Ai Weiwei: A game of chess and China's elemental flaw

I have been fascinated by Ai Weiwei, the 54-year-old provocative artist and voice of dissidence in China, since May, when I heard an interview with his English translator on one of the my favorite podcasts. He was detained and questioned and kept by the government for 81 days this year, after his blog incited uproar from citizens who agreed and officials who saw him as a dangerous beacon. A tumultuous year has left him listed as one of Time magazine's People of the Year, as "The Dissident." I find him interesting in his amorphous and fluid form and interpretation of art, connecting what we think of as "Art" with unconvention and with blogging and microblogging (i.e. Twitter and very brief forms of connecting online), combining his artistic impulses with his gift for words, writing pithy and prophetic bits. That's a kind of artistry I greatly admire, especially in the face of the Chinese State And All Its Men. There is quite a difference--and a kind of bold bravery I cannot imagine--between being an artist in a free and functioning democracy and being an outspoken artist in a state which does not value or embrace free speech, open access to information, or the fullest extent of self-expression--even if it means criticizing the men upstairs.

In his Time interview he was asked "What would you like to see in China?" This was part of his brilliantly explained answer:

We need clear rules to play the game. We need to have respect for the law. If you play a chess game but after two or three moves you change the rules, how can people play with you? Of course you will win, but after 60 years you will still be a bad chess player because you never meet anyone who can challenge you. What kind of game is that? Is it interesting? I'm sure the people who put me in jail, they're so tired. This game is not right, but who is going to say, 'Hey, let's play fairly'?

I've been studying China, Chinese politics, language, culture and history, for more than six years now, and my own thoughts on its political system have shifted at times between the two most polar ends of the argument: that either the "Capitalism with Chinese Characteristics" official plan has merit, is working, can improve and continue; or that China will inevitably give way democracy because it has already given much up to a free market economic system, and its people still hold memories of the extreme poverty and problems that stemmed from early plans in the early years after the Communist Revolution. People--around the world--have spent much time waxing on the future of China's political system. No one has explained its crucial fissure in its system so well as Ai Weiwei, himself a son of China, and the actual son of a revolutionary poet.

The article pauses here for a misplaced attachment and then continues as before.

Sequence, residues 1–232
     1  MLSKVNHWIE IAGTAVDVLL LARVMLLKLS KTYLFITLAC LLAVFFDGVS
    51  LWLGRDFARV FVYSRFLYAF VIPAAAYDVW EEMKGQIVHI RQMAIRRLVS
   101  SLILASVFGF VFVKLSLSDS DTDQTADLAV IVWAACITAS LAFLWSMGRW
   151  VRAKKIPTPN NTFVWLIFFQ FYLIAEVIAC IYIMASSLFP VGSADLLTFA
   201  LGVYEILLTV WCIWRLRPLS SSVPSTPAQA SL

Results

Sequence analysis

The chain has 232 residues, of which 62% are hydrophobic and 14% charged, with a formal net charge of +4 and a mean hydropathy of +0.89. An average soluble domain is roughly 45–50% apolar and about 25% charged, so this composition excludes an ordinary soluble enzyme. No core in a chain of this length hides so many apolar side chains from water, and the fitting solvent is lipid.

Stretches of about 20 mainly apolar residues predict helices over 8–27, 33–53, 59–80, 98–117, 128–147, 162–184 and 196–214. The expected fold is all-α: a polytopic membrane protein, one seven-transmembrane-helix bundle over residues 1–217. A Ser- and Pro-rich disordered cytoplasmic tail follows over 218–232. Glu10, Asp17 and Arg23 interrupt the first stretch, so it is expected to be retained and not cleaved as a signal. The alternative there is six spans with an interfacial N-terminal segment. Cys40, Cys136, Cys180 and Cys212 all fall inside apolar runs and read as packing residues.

Bossy lady

I loved Tina Fey's memoir Bossypants. Her thoughts on being a woman in society, laughing at her own childhood, recounting the sagas of SNL writing days and Sarah Palin sketches, talk of her father, 30 Rock writing and development, motherhood, and in the intersection of all these things, was fantastic. I laughed all the way through it, especially because I listened to the audiobook, read by Ms. Fey herself! (The fact that I used an exclamation point means I'm serious. Those are rare.) It was like spending nine or so hours with her, laughing about life and being very real. Wanted to share one funny little quip, in which she is reflecting on her several-month escapade back in the fall of 2008, when she made a series of guest appearances on Saturday Night Live as Sarah Palin during the months leading up to the election. She's talking about how the vice presidential debates sketch was her favorite, and why.

 

One, I felt like I contributed a lot of jokes to this one, so my writer ego likes it best.

Two, Queen Latifah was there.

Three, I thought the speeches that Jim Downey wrote for Jason Sudeikis as Joe Biden were brilliant. Especially the stuff where Biden is trying to prove that he's not some Washington elite by talking about how he's from Scranton, Pennsylvania, "the most godforsaken place on earth." I thought that was ingenious, becuase not only was the ad hominem attack on Scranton a hilarious comedy left turn, it also exemplified what the election had become. Instead of talking about issues, everybody was trying to prove how "down-home" they were. "I'm just like you" was the subtext of every speech.

Politics and prostitution have to be the only jobs where inexperience is considered a virtue. In what other profession would you brag about not knowing stuff? "I'm not one of those fancy Harvard heart surgeons. I'm just an unlicensed plumber with a dream and I'd like to cut your chest open." The crowd cheers.

That continues to strike a cord these days...

I recommend her book highly--mostly to women, I might add, but many men will get some laughs as well. You can skip over the parts about stages of being fat and skinny in her life, and some of the motherhood bits--although those are some of the very best bits.